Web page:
Intimate relationships provide emotional support and companionship that can result in many positive psychological health benefits. But often, marriage can be a source of stress. For African-American couples, the success of their relationships can be significantly influenced by specific factors, including income and education. In a recent study, Carolyn E. Cutrona of the Department of Psychology at Iowa State University used the vulnerability-stress-adaptation model of adaptive processes, stressful life events and enduring vulnerabilities to gauge marital stability in African-American couples. “Of particular interest in the current study was the cascading influence of enduring vulnerability factors,” said Cutrona. “Enduring vulnerabilities are characteristics (e.g., low education level) that influence peoples’ susceptibility to stressful life events and their ability to interact effectively in their relationships.”
The participants were 207 couples that were either married or living together, raising one elementary school aged child. Cutrona and her team assessed financial strain, income, education, relationship quality and religiosity at the beginning of the study and again five years later. She found that the vulnerability factors most significantly predicted the success or dissolution of the relationships. Cutrona said, “Higher levels of education were associated with higher income, lower financial strain, and family structures that research has shown to be more stable (marriage rather than cohabitation and biological-family rather than step-family status). These variables, in turn, influenced relationship quality and stability. Religiosity, an important resource in the lives of African-Americans, promoted relationship stability through its association with marriage, biological-family status, and women’s relationship quality.” Cutrona believes these findings underscore the impact of social conditions on the success of these relationships and hopes these results will provide direction for clinicians treating these couples. She added, “Programs to assist couples with blended families are needed, and incorporation of spirituality into culturally sensitive relationship interventions for African-American couples may also prove beneficial.”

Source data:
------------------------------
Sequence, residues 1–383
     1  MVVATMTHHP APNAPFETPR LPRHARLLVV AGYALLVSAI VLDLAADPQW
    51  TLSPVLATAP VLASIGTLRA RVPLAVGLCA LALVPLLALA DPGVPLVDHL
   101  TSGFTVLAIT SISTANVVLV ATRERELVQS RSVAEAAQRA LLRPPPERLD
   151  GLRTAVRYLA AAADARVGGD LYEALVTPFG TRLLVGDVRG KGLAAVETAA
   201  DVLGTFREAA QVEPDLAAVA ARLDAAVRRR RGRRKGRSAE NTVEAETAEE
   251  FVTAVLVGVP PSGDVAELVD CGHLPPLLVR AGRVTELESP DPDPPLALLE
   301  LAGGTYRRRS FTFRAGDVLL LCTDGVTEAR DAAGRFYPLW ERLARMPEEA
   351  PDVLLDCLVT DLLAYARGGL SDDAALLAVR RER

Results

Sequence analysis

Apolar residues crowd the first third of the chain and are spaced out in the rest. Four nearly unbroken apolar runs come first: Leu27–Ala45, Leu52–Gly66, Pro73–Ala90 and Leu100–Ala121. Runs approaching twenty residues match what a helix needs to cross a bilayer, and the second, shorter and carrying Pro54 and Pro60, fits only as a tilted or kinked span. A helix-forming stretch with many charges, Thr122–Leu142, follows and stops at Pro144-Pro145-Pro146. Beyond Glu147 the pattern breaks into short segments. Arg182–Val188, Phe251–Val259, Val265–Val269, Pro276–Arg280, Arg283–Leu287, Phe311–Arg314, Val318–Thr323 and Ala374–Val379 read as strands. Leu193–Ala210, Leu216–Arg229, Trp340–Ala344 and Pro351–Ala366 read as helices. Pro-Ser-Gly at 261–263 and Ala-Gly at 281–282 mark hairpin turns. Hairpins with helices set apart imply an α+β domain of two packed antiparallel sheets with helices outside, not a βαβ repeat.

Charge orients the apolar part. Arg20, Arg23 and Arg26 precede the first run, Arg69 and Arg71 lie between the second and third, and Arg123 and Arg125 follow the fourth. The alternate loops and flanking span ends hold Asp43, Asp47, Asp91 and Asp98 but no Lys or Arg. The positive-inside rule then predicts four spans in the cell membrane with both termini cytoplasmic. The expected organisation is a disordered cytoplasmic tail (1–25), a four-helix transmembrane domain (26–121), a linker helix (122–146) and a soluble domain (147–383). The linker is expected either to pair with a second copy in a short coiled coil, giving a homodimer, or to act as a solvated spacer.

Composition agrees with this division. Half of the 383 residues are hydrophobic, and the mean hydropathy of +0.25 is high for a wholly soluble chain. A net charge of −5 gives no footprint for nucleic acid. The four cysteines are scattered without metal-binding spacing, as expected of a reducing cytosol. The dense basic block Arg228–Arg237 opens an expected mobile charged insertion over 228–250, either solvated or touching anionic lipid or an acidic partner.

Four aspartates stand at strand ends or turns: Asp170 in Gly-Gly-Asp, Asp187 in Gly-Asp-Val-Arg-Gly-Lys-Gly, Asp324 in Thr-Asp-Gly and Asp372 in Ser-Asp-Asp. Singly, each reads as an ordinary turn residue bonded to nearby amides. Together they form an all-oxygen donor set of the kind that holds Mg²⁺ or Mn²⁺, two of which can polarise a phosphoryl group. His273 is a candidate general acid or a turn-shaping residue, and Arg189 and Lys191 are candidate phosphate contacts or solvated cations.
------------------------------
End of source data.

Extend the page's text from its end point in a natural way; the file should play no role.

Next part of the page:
Cutrona, Carolyn E., Daniel W. Russell, Rebecca G. Burzette, Kristin A. Wesner, and Chalandra M. Bryant. “Predicting Relationship Stability among Midlife African American Couples.” Journal of Consulting and Clinical Psychology 79.6 (2011): 814-25. Print.
© Copyright 2011 by By Noah Rubinstein, LMFT, LMHC, therapist in Olympia, Washington. All Rights Reserved. Permission to publish granted to GoodTherapy.org.
The preceding article was solely written by the author named above. Any views and opinions expressed are not necessarily shared by GoodTherapy.org. Questions or concerns about the preceding article can be directed to the author or posted as a comment below.